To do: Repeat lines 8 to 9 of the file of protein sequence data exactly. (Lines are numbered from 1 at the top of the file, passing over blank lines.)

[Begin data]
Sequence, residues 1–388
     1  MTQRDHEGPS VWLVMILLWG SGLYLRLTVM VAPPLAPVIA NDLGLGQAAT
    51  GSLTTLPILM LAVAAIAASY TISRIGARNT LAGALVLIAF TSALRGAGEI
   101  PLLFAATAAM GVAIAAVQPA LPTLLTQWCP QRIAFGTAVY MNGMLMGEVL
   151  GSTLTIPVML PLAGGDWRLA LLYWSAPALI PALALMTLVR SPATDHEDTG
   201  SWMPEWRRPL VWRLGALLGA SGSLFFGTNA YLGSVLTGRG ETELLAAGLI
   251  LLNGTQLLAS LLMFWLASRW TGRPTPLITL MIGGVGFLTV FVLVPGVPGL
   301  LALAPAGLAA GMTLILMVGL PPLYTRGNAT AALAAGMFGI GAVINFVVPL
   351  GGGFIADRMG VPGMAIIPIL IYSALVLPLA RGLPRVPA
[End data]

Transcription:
   301  LALAPAGLAA GMTLILMVGL PPLYTRGNAT AALAAGMFGI GAVINFVVPL
   351  GGGFIADRMG VPGMAIIPIL IYSALVLPLA RGLPRVPA